I Don't Feel at Home in This World Anymore
A woman completely upends her life after her house is broken into; quirky character acting ensues.
* This filmography is not intended to be a comprehensive list of this artist’s work. Instead it reflects the films this person has been involved with that have been reviewed on this site.
Q. You're a lonely single film buff and it's Saturday night. Hitchcock or Kurosawa? (Matrcus Burciaga)
From Name Withheld, Los Angeles:
From Name Withheld:
Q. In your review of "The Cell" you described the outfits worn by Jennifer Lopez and others while voyaging into the minds of patients as "virtual reality gear." I think the opposite was the case. The outfits were probably worn by the characters to completely desensitize them from the external world so that the therapy could not be interrupted. That's probably also why they were suspended in mid-air. During the therapy sessions the characters did not move their bodies at all. If they were wearing virtual reality gear their bodies, conceivably, would have been mimicking their movements. (Jordan Potasky, Toronto)
Q. When you were talking to Charlton Heston on TV as he arrived at the Oscars, you asked about the possibility that "Titanic" could beat "Ben Hur's" record for number of awards. He made a decent point: Any comparison between the two epics would be unfair because there are now more Oscar categories than when "Ben Hur" was released in 1959. If that's the case, then those declaring "a tie" between the films are wrong. (L. D. Paulson, Sacramento, CA)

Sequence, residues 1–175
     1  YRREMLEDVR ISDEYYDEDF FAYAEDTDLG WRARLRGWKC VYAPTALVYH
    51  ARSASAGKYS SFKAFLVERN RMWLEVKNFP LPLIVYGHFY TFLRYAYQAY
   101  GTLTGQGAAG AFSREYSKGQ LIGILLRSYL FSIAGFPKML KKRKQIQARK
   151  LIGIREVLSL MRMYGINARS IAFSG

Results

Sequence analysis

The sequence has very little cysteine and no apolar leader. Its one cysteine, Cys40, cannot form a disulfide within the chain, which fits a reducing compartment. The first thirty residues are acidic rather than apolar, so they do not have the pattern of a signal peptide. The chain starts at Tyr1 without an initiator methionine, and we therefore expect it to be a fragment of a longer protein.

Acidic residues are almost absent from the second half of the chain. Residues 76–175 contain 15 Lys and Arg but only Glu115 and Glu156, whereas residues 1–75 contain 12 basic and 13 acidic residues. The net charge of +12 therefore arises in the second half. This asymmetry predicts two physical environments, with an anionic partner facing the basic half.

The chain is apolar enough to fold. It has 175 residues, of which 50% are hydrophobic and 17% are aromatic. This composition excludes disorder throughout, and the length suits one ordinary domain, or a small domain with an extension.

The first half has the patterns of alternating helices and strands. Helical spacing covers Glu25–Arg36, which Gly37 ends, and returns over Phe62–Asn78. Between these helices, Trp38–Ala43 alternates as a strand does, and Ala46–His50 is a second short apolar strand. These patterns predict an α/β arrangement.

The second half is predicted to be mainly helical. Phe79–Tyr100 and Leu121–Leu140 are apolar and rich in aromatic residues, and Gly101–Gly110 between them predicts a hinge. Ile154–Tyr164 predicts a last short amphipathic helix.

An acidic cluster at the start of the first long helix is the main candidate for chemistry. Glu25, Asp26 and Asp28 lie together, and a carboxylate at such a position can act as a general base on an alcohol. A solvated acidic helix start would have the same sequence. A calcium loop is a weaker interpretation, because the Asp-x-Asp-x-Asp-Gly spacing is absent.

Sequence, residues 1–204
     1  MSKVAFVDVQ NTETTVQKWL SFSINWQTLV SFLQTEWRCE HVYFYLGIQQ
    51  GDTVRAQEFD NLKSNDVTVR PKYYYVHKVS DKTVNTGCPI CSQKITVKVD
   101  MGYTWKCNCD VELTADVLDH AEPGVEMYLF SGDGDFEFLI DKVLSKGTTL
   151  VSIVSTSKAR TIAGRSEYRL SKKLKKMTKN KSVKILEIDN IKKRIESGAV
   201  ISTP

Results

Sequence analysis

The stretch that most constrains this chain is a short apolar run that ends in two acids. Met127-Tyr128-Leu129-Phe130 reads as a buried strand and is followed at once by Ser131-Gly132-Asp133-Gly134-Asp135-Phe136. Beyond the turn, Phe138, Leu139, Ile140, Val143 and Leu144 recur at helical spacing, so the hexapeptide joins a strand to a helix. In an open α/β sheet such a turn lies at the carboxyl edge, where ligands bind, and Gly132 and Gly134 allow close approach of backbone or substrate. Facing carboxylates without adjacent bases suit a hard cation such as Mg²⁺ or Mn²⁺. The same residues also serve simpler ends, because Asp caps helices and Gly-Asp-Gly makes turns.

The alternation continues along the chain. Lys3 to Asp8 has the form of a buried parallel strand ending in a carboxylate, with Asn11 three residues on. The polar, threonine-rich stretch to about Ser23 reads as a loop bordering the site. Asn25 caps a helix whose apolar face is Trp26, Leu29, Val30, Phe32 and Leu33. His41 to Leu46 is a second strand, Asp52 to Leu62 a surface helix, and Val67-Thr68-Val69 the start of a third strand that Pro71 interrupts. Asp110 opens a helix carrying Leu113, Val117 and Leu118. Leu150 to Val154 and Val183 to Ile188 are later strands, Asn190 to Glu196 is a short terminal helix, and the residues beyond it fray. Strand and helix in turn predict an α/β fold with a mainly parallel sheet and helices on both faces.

Q. In your review of "A Time to Kill," you wrote that it was "a skillfully-constructed morality play that pushes all the right buttons and arrives at all the right conclusions." Okay, close your eyes. Now imagine the two rapists were killed by three hundred white men with a rope. Now imagine the two rapists were black. Does it still arrive at all the right conclusions? (John Lampkins, Los Angeles)
Q. A message from the Rev. Donald Wildmon, head of the American Family Assn., is making the rounds of the Internet. In it, he attacks Disney, writing: "In 'Toy Story,' rated G by the ultraliberal MPAA, the main characters, 'Woody'--note sexual reference--and 'Buzz'--note drug reference--are owned by a child in a single-parent household in which the father is noticeably absent. 'Woody' and 'Buzz' have equally disturbing toy friends, including a sex-obsessed talking potato, a sex-obsessed Bo Peep doll who cannot keep her hands (or lips) off 'Woody,' and an Etch-a-Sketch whose 'knobs' must be 'adjusted' to produce results."